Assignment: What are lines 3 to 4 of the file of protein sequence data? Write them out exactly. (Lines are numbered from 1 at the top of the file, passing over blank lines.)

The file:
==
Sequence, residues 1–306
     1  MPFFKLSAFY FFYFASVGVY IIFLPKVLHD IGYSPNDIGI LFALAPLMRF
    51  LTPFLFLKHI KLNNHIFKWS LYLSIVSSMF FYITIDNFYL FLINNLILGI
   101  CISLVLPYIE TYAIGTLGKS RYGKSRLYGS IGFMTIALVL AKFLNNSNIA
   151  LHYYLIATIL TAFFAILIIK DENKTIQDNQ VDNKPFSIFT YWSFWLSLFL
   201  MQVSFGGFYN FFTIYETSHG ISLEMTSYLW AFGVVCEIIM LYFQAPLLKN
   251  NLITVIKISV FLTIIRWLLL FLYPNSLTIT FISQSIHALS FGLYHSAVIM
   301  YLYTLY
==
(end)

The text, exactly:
    51  LTPFLFLKHI KLNNHIFKWS LYLSIVSSMF FYITIDNFYL FLINNLILGI
   101  CISLVLPYIE TYAIGTLGKS RYGKSRLYGS IGFMTIALVL AKFLNNSNIA